With the federal healthcare marketplace open enrollment now upon us, many Americans still have some questions surrounding their healthcare options. Whether it's making signups easier for customers, helping them choose a plan or understanding the upgrades and remaining issues on Healthcare.gov, here's what insurers need to know the three-month open enrollment period.
Nearly half of the 23 consumer owned and operated plans have now announced they will shut down, and the Obama administration isn't providing much detail as to why, or what it plans to do to fix the CO-OP program.
As the Obama administration gears up to encourage low-income individuals to get covered, a new report suggests that these consumers actually already are the most likely to purchase health plans through the Affordable Care Act marketplaces.
Though they are likely more seasoned this time around, those tasked with helping consumers navigate the Affordable Care Act exchanges must gear up for a new set of challenges when open enrollment begins this Sunday.
Though the government has tried to reach out to individuals who did not file proper tax returns, scores of people are still at risk of losing their health insurance subsidies because of this issue, the New York Times reports.
With open enrollment less than a week away, federal officials offered more details about the new upgrades to Healthcare.gov--though they also confirmed that the rollout one of such feature will be delayed.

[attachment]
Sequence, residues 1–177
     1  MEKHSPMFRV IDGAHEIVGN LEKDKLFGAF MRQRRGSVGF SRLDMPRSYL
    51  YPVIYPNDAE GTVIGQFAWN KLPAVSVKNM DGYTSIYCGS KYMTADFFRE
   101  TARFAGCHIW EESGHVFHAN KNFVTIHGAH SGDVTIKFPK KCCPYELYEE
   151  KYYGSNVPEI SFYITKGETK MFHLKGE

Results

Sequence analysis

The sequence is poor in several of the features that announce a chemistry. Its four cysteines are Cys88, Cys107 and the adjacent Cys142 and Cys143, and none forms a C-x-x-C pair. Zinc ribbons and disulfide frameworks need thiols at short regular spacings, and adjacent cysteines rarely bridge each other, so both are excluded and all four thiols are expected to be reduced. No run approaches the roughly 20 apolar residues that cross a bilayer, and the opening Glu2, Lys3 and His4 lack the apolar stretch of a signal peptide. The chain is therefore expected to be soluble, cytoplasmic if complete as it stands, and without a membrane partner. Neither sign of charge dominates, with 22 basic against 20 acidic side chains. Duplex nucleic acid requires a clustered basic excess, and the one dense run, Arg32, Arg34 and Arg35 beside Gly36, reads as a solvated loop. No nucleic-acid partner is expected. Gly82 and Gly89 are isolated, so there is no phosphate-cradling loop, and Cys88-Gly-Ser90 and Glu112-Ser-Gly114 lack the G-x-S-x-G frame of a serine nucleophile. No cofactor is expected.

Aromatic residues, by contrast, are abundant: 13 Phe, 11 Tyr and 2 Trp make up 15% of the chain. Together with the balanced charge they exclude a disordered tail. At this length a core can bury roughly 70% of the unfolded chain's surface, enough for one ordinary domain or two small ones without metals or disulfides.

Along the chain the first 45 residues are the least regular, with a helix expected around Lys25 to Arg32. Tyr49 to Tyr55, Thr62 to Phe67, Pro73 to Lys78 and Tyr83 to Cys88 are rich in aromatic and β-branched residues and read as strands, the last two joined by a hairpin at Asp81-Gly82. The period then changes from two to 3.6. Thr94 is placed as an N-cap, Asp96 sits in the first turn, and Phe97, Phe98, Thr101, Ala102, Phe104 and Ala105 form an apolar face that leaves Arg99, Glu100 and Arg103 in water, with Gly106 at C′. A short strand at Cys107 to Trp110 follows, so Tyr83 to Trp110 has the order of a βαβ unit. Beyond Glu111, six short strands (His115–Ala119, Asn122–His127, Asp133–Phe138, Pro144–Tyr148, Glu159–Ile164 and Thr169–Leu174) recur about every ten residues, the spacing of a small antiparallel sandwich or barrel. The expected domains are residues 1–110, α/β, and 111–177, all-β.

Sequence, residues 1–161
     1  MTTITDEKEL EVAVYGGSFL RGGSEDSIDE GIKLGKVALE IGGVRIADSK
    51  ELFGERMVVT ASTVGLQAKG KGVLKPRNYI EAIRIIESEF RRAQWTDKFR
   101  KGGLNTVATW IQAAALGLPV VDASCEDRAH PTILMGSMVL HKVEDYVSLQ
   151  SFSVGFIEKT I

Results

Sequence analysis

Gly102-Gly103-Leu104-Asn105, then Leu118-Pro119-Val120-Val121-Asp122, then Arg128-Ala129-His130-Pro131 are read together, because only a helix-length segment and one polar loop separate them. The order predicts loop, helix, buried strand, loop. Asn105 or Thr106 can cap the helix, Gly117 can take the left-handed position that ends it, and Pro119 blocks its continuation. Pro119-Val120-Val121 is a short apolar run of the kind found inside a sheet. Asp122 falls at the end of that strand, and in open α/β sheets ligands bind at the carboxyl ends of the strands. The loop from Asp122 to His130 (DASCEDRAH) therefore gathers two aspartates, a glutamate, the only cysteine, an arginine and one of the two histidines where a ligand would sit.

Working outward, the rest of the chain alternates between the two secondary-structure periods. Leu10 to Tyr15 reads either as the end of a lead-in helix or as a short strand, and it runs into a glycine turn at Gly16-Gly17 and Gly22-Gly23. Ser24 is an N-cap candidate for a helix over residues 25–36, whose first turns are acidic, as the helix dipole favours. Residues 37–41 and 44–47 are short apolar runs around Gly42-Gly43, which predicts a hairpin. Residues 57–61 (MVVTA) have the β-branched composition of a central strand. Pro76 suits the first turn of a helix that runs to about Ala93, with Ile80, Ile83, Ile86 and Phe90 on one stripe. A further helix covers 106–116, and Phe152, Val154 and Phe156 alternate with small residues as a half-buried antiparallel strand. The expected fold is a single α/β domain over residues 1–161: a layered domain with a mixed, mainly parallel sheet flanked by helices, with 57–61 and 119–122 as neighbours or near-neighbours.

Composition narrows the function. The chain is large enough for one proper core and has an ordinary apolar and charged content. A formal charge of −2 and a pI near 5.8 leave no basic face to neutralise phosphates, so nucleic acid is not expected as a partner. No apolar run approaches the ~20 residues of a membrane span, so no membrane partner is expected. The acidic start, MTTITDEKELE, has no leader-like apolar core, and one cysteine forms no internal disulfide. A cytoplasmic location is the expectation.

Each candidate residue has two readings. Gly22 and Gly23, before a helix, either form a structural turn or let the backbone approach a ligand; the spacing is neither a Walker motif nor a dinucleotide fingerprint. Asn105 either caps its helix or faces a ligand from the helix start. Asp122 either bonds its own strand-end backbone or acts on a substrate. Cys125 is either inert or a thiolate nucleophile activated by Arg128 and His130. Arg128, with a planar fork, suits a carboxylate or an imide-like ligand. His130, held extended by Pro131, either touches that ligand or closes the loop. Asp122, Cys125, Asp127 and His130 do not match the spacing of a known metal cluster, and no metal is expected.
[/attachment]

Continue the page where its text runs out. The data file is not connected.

With open enrollment for the third year of the Affordable Care Act beginning in less than two weeks, both federal officials and insurance companies are struggling to solve some last-minute issues with new tools available on Healthcare.gov.
Marketplace navigator programs will get a $67 million boost from the Centers for Medicare & Medicaid Services-- in time to ramp up outreach for the upcoming open enrollment period.
The uninsured rate among Americans hit an all-time low of 11.9 percent for the first quarter of 2015, according to a recent Gallup poll. The rate was 12.9 percent in the fourth quarter of 2014 and is down 5.2 percentage points since just prior to implementation of the Affordable Care Act in 2013.
The special enrollment period began Sunday for millions of Americans who did not yet purchase health coverage for 2015 and were hit with federal fines for not having insurance--but i t's unclear how many people know that they can take advantage of the opportunity.